Rail Budget 2016: Suresh Prabhu likely to hike passenger fares by up to 10%
The proposal is being considered against the backdrop of a decline in both passenger and freight earnings and the additional burden of Rs 32,000 cr towards implementing the 7th pay commission recommendations.
New Delhi: Facing resource crunch, Railways is said to be mulling the possibility of effecting a 5 to 10 percent increase in the passenger fares in the coming budget.
The proposal is being considered against the backdrop of a decline in both passenger and freight earnings and the additional burden of Rs 32,000 cr towards implementing the 7th pay commission recommendations, Railway Ministry sources said.
On top of this, the gross budgetary support for the 2015-16 has also been slashed by Rs 8,000 cr by the Finance Ministry due to low spending by the Railways.
The sources said while there are several possibilities including a fare hike are being looked into nothing has been finalised yet.
The sources said a decision has to be taken whether to hike the fares and, if so, when. But it is not necessary it has to be done only in the budget, they said.
There is a feeling in rail bhawan that a fare hike in the budget to be presented on Feb 25 can be more beneficial as the railways can utilise the peak season beginning March.
Currently AC fares are already on higher side. If AC fares are raise, then they could even surpass the fares of low-cost air carriers in some sectors.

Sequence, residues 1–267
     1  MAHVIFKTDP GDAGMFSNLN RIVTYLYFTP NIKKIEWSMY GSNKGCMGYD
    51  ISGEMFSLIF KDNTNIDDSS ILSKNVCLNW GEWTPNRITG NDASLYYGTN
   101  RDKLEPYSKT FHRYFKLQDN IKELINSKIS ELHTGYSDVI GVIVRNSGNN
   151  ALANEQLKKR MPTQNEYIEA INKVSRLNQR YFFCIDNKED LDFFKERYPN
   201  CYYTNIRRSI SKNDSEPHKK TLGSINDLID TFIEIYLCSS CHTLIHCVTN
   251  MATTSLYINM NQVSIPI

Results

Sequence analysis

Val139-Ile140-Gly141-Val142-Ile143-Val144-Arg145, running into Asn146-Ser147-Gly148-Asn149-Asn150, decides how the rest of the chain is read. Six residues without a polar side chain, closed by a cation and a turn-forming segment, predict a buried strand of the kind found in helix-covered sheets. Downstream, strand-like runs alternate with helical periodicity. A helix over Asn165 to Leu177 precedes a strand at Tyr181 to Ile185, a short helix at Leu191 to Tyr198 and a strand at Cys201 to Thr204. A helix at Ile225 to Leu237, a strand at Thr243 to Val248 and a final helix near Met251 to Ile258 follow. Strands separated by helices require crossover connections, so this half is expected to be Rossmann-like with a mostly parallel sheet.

Similarly, freight rates are also at a high level and loading of steel, cement, coal, iron ore and fertiliser is on a down slide that rules out any further increase in this area.
Railways had effected a 14 percent across-the-board hike in passenger fares in 2014 during the NDA regime and a 10 percent increase last year.
Railways' total earnings from freight and passenger fares were Rs 1,36,079.26 cr until January this year as against the target of Rs 141,416.05 cr, a shortfall of 3.77 percent.
Acknowledging the decline in earnings sources said various options were being explored to perk up revenue collections.
While one option is to raise the fares in selected routes, the other is to go for increasing the cost of services provided.
Meanwhile railways have undertaken steps for cutting the costs and for commercial exploitation of surplus railway land besides looking at higher revenues from advertisement in a bid to tide over the crisis. The focus may be on improving non-tariff collection, the sources said.
Railways have conducted a study by Axis Capital which has recommended a 10 percent hike in passenger fares and a 5 percent raise in freight rates to improve the state-run transporter's finances.